Moles are considered pests in Britain, but this issue has been little studied. Lower welfare standards have been tolerated for moles than for most other managed wild mammal species, as use of both the controversial poison, strychnine, and unregulated traps have been permitted. [...] Read more.
Moles are considered pests in Britain, but this issue has been little studied. Lower welfare standards have been tolerated for moles than for most other managed wild mammal species, as use of both the controversial poison, strychnine, and unregulated traps have been permitted. Strychnine was withdrawn in 2006 and there were fears that mole populations would increase as a result. In 2007, we conducted a comprehensive, nationwide survey of land manager perceptions, opinions and behaviour regarding moles and mole control on farms, amenities and domestic gardens in Britain. We surveyed 2150 land managers (achieving a 59% response rate) and ground-truthed 29 responses. Moles were reported to be present on most farms and amenities, and 13% of gardens, and were more common in lighter soils. Where present, moles were usually considered pests, this being more likely in Wales, Scotland and northern England, on livestock and mixed farms, and on large, high-value amenities, e.g., racecourses and golf courses. Mole control followed similar patterns to mole presence. More control may occur than is economically, and therefore potentially ethically, justified. Control should be more carefully considered and, where necessary, more effectively targeted. Kill-trapping was the favoured recent and future method on farms and amenities, even if strychnine was to be reintroduced; however, because mole traps are currently unregulated, some might not meet current welfare standards if tested. We found no evidence for an increase in moles since a farm questionnaire survey conducted in 1992; this could have wider implications for future wildlife management policy changes. Full article
(This article belongs to the Special Issue Ethical and Welfare Dimensions of the Management of Unwanted Wildlife)
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Open AccessArticle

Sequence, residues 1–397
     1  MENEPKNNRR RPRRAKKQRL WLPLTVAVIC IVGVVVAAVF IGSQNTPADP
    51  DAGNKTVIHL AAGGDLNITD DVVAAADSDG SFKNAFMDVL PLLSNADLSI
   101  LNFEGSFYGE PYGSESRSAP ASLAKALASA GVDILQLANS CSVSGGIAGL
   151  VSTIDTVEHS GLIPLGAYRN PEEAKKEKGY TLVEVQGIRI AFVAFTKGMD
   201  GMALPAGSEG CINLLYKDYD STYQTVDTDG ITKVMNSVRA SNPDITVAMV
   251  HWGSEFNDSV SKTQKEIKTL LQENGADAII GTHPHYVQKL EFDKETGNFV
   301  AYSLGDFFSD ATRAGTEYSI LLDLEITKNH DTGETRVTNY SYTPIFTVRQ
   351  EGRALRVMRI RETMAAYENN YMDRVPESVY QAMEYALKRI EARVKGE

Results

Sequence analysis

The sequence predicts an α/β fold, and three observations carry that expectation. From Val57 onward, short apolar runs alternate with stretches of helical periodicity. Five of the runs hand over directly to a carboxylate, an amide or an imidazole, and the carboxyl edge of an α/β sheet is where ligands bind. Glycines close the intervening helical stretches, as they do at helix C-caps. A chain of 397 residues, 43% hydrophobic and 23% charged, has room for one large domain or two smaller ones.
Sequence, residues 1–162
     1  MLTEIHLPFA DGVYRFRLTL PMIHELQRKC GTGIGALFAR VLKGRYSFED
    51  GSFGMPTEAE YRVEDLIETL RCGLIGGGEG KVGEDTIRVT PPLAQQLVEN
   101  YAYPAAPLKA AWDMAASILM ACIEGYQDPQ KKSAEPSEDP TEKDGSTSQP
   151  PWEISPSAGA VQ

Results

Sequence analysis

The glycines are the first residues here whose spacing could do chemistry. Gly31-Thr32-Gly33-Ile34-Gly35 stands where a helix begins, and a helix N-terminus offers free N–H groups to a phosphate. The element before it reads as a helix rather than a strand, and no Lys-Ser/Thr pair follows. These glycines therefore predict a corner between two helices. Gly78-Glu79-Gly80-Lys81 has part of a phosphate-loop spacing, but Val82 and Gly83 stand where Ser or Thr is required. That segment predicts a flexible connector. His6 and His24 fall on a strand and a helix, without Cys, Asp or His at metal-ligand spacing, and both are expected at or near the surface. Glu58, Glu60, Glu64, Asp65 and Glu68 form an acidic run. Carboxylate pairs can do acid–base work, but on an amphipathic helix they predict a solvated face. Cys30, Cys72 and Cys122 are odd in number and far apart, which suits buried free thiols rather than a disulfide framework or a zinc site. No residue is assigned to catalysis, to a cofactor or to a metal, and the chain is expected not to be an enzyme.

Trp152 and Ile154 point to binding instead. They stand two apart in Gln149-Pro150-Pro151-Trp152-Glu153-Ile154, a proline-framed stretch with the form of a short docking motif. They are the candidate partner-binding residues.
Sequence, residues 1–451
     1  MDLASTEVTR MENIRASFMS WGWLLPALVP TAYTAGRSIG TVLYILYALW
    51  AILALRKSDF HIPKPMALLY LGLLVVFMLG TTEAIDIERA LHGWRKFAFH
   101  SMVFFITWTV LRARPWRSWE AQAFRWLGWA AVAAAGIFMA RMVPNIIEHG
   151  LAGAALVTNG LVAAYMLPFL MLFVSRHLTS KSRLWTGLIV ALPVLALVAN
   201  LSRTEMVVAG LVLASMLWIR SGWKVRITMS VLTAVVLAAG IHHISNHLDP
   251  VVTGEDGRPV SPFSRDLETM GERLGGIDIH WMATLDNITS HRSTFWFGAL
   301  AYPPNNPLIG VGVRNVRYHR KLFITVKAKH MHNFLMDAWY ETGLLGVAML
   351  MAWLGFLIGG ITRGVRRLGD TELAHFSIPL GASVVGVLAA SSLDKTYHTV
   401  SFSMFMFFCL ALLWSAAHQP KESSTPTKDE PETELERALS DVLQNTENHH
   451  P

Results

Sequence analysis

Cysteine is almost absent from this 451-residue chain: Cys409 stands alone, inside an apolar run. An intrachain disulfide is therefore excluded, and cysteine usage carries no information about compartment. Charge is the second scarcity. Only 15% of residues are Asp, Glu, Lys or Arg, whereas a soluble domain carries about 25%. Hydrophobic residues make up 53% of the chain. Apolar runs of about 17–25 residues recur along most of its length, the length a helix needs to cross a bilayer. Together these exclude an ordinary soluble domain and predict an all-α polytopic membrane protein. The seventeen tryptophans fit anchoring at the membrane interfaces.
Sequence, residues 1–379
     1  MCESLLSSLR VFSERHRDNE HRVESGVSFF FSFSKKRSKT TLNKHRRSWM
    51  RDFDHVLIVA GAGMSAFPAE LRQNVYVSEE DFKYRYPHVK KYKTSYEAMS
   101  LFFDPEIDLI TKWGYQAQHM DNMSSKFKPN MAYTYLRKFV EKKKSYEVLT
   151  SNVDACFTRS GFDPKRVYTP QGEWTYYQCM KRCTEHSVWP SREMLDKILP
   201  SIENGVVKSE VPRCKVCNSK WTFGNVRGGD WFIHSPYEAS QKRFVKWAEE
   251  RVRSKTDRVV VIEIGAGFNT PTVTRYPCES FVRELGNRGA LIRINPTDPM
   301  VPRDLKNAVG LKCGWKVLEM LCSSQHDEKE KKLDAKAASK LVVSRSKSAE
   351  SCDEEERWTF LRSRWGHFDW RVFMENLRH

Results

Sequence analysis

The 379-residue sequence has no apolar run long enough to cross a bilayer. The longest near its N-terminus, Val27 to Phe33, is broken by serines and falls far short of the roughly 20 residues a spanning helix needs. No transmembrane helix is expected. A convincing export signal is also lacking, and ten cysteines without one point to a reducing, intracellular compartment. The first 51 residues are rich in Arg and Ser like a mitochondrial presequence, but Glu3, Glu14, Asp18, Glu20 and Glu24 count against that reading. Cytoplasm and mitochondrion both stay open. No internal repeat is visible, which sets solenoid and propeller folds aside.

Welfare Impacts of Pindone Poisoning in Rabbits (Oryctolagus cuniculus)
Animals 2016, 6(3), 19; https://doi.org/10.3390/ani6030019 - 26 Feb 2016
Cited by 3
Abstract
Control methods used to manage unwanted impacts of the European rabbit in Australia and New Zealand include the use of toxic bait containing the anticoagulant pindone. Towards increased certainty in evaluating the animal welfare impacts of pindone poisoning in rabbits, we recorded behavioral [...] Read more.
Control methods used to manage unwanted impacts of the European rabbit in Australia and New Zealand include the use of toxic bait containing the anticoagulant pindone. Towards increased certainty in evaluating the animal welfare impacts of pindone poisoning in rabbits, we recorded behavioral and post-mortem data from rabbits which ingested lethal quantities of pindone bait in a laboratory trial. Pindone poisoning in rabbits resulted in welfare compromise, primarily through functional impairments related to internal haemorrhage over a maximum duration of 7 days. Applying this data to a formal assessment framework for ranking animal welfare impacts indicated that pindone had relatively high severity and also duration of welfare impacts in comparison to other rabbit control methods. Full article
(This article belongs to the Special Issue Ethical and Welfare Dimensions of the Management of Unwanted Wildlife)
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Open AccessArticle
Finding the Balance: Fertility Control for the Management of Fragmented Populations of a Threatened Rock-Wallaby Species
Animals 2015, 5(4), 1329-1344; https://doi.org/10.3390/ani5040414 - 16 Dec 2015
Cited by 4
Abstract
Populations of Australian marsupials can become overabundant, resulting in detrimental impacts on the environment. For example, the threatened black-flanked rock-wallaby ( Petrogale lateralis lateralis ) has previously been perceived as overabundant and thus ‘unwanted’ when they graze crops and cause habitat degradation. Hormonally-induced [...] Read more.